The Judiciary Committee bill also provides a realistic way to deal with the 11 million undocumented workers who are already here. Senator Kennedy went through those 10 different steps. I will not repeat them now, except to emphasize the last point I made about the back of the line.

I think those are pretty onerous burdens. They are tough burdens. They require all back taxes to be paid--tough burdens. It is not forgive and forget. It is meet a standard. It is live up to a standard.

The final piece of the immigration reform puzzle is how do we create a workable employer verification system. We don't want to, but we need to, unfortunately, rely on employers to be part of the system. We don't want to turn them into immigration bureaucrats. We don't want to turn them into police officers, but it is inevitable if we are going to have a legitimate comprehensive system that when somebody presents credentials to an employer, the employer can't cheat, the employer can't look for a way around it.

The employer has to be part of this system of the values of America that say there are people waiting in line, there are people going through the visa system. We are spending money on the border. We need you to be part of this system. It is going to take an educational effort by chambers of commerce and small business associations and other efforts around the country so that there is an ethic in America that is not willing to cheat. And if that ethic was put in place, we would do more to stop illegal immigration than any other single item because people won't be able to find the work. I personally think it is the single most important part, together with the Border Patrol component itself, of having a comprehensive immigration program.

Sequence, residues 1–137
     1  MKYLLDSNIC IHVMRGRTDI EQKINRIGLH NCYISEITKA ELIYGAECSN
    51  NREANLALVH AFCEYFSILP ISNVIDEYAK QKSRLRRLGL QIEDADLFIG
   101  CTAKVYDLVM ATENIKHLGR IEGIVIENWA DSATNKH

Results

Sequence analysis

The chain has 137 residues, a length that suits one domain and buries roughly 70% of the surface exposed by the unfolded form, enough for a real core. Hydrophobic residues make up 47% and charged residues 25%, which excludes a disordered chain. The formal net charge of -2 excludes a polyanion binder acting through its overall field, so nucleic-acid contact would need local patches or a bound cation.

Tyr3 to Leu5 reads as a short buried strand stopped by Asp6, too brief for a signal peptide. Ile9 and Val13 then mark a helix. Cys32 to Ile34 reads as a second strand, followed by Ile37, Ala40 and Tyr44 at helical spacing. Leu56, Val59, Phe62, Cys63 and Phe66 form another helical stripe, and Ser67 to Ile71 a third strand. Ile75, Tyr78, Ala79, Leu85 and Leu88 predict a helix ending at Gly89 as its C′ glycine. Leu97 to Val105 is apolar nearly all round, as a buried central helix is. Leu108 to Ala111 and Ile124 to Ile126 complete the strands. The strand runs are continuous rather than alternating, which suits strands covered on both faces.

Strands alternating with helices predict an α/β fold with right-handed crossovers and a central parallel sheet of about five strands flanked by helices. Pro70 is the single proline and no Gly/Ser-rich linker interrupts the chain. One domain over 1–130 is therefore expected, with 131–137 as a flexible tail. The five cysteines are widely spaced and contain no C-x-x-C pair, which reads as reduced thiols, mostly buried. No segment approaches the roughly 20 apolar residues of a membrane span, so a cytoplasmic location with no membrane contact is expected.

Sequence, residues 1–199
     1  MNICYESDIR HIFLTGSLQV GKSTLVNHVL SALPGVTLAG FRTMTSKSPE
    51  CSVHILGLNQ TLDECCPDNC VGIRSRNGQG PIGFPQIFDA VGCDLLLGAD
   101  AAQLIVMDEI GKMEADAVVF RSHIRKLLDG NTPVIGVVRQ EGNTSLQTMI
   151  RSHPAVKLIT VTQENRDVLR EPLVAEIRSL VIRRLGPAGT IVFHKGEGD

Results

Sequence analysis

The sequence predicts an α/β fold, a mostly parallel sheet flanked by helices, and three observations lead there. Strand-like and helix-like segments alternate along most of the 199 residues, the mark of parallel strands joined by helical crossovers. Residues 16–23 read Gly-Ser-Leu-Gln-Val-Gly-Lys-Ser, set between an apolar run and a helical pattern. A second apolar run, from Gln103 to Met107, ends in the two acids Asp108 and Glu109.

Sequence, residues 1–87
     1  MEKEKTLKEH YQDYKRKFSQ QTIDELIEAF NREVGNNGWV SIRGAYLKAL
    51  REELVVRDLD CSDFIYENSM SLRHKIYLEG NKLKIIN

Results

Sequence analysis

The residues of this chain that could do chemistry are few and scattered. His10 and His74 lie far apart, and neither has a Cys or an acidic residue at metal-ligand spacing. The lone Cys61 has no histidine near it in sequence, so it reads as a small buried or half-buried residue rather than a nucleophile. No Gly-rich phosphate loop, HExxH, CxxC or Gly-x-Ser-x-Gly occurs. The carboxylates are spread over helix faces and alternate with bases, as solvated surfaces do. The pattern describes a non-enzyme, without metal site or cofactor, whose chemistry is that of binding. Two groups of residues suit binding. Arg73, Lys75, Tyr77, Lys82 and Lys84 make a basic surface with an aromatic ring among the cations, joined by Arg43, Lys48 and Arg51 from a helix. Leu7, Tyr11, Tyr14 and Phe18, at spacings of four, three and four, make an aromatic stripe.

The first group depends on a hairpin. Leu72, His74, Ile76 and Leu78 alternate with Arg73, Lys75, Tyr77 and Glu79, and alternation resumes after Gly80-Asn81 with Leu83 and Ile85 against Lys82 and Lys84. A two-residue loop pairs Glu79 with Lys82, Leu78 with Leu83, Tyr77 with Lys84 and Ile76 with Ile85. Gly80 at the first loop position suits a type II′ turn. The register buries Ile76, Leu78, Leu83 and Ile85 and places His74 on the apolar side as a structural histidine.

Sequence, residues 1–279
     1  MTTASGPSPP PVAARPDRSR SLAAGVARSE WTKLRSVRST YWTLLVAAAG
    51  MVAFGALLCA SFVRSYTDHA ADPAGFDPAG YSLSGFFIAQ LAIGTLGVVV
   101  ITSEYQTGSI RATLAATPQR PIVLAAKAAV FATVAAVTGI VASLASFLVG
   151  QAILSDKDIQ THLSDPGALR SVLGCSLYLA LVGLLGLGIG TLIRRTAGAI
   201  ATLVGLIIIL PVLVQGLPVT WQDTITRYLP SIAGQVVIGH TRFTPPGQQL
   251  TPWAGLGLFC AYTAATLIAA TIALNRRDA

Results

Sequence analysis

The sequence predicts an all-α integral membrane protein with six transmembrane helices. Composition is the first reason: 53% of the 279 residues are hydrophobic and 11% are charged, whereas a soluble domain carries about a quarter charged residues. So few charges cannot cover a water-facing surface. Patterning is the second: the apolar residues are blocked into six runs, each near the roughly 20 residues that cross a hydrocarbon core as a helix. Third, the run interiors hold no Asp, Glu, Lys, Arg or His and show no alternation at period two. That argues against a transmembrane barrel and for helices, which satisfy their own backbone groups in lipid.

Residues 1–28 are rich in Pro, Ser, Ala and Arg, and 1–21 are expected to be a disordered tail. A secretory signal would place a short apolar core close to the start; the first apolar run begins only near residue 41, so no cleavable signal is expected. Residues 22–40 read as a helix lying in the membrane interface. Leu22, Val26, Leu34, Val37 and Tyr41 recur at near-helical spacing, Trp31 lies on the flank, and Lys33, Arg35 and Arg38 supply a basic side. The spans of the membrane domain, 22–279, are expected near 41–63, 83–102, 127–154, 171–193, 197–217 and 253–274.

Currently, however, employers don't have a reliable system for checking the validity of Social Security numbers, and we know how many Social Security numbers have been stolen. We have a problem for all Americans with the theft of Social Security numbers. So we need to deal with that problem even as we deal with this question of verification of employees.

The Specter substitute creates a system that will enable employers to quickly and accurately verify a potential employee's legal status. The last immigration reform we passed in 1986 was intended to address the root causes of illegal workers coming across to the United States, but it failed to draw all the illegal workers out of the shadows, and that really has helped lay the groundwork to people's cynicism and skepticism, which I understand, about today's system.